The first couple of levels were the kind of catharsis I was expecting from this game. It felt humorous, but also exactly the kind of frustration venting needed after some crappy years locked at home. Bosses were funny representations of the ones who made our lives miserable over the past years. But weirdly enough, for such a short game (it only features four levels), Pulling No Punches started to drag on with its message, becoming more absurd, more on-the-nose, and sadly, more annoying. That might be a result of us having dealt with these frustrations elsewhere over the last year or so, with the game almost making us relive and remember us of these issues which depressed us during the pandemic.

Pulling No Punches Televangelists

I can’t think of another game which features a televangelist as a boss. Kudos, Pulling No Punches.

There were other issues as well, namely some occasionally poor enemy AI, collision detection issues, and a repetitive soundtrack. Although, I guess my biggest issue with Pulling No Punches was the fact that, at the end of the day, it may have outstayed its welcome. When the gross-out satire started becoming some that almost felt like a body horror piece, I started to get a bit bored with its premise, as novel and catered to my liking as it was. Thankfully, by that point, I was heavily upgraded with stat boosters and new moves, so beating the hell out of enemies and bosses somewhat made up for the tiresome storytelling. Also, the game is beatable in less than two hours. The moment I noticed it was about to end, I just felt like beating it anyway.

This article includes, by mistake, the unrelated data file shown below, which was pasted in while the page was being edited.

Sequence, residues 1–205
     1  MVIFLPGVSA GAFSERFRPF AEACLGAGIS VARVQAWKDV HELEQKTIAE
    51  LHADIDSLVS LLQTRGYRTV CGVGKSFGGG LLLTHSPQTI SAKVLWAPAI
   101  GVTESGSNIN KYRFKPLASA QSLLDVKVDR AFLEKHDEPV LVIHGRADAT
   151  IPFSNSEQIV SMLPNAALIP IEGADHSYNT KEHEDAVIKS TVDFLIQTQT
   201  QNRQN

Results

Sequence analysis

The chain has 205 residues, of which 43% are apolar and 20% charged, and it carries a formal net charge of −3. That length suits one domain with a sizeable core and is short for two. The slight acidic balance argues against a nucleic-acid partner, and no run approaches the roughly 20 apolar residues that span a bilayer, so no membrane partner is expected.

Pulling No Punches Weapons

Taking the expression “to flag someone” to new levels.

Pulling No Punches is a very hard sell unless you fall into its specific target audience: fed-up Brazilians who had to deal with a stupidly stressful couple of years during the pandemic. If you fall into this niche demographic, this is the catharsis you’ve been waiting for. If not, you can still have fun with its good controls and decent art style, but the in-game jokes and overall premise will mean nothing to you. I cannot deny that it was a somewhat bold attempt to deliver a message via a well-put game on a console known for being downright allergic to political statements, however. If anything, kudos for the ambition.


Graphics: 7.5

A well-animated game with gross-out character designs and some decent cutscenes. The art style might not be appealing to everyone, but I can’t deny the effort put into Pulling No Punches‘ visuals.

Gameplay: 7.0

It controls well enough, and I appreciate the inclusion of unlockable moves and stat upgrades. It lacks a bit of polish, though, as some bosses can be cheesed with ease, while other enemies can lock you in a perpetual state of pain due to collision issues.

Sound: 6.0

Not exactly bad, but incredibly repetitive. That’s mostly due to how short the game is, resulting in a minuscule collection of background tunes.

Fun Factor: 6.5

As a beat ’em up, it’s decent. As a statement, it’s really appealing to a very specific demographic, but it doubles down excessively in its message, even if I agree with it. It’s also too short, being beatable in about two hours at most.

Final Verdict: 7.0

Pulling No Punches is available now on PC, PS4, PS5, Xbox One, Xbox Series S|X, and Nintendo Switch.

Reviewed on Nintendo Switch.

A copy of Pulling No Punches was provided by the publisher.